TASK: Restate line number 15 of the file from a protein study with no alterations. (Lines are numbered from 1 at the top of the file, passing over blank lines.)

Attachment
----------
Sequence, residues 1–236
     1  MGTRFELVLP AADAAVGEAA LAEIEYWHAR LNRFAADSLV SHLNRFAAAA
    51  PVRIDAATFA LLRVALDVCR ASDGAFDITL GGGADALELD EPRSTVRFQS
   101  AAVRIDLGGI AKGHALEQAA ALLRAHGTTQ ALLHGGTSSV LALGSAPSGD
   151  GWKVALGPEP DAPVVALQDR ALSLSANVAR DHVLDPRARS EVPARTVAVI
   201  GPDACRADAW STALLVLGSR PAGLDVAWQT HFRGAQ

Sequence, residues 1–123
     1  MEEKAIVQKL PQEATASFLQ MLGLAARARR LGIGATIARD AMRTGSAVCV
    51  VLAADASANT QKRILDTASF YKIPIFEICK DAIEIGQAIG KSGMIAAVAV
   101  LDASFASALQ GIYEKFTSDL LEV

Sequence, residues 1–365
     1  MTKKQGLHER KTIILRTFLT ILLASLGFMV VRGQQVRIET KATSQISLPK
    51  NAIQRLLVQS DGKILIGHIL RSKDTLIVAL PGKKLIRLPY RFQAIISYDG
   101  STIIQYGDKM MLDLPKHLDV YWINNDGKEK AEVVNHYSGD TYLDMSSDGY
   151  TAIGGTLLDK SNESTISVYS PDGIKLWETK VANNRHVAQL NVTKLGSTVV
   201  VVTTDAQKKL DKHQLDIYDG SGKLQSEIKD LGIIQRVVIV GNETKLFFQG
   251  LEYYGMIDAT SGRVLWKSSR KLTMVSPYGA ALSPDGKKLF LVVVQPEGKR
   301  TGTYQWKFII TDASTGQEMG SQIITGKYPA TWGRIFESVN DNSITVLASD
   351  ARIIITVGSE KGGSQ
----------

   151  TAIGGTLLDK SNESTISVYS PDGIKLWETK VANNRHVAQL NVTKLGSTVV